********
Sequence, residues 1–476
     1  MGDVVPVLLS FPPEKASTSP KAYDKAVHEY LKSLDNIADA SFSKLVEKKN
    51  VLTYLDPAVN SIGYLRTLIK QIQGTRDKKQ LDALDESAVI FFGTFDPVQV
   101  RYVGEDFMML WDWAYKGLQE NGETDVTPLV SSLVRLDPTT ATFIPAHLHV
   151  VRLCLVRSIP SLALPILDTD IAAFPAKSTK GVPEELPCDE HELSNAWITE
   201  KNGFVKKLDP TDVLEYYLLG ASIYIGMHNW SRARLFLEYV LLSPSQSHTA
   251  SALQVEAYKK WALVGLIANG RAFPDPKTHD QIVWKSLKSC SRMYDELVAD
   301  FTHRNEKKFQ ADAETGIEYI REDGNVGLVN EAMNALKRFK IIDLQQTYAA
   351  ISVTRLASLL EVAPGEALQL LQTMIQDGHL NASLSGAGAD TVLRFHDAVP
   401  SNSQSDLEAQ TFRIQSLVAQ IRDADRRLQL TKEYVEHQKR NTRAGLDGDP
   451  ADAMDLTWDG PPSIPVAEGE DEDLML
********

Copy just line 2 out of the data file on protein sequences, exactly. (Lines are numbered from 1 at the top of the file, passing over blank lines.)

     1  MGDVVPVLLS FPPEKASTSP KAYDKAVHEY LKSLDNIADA SFSKLVEKKN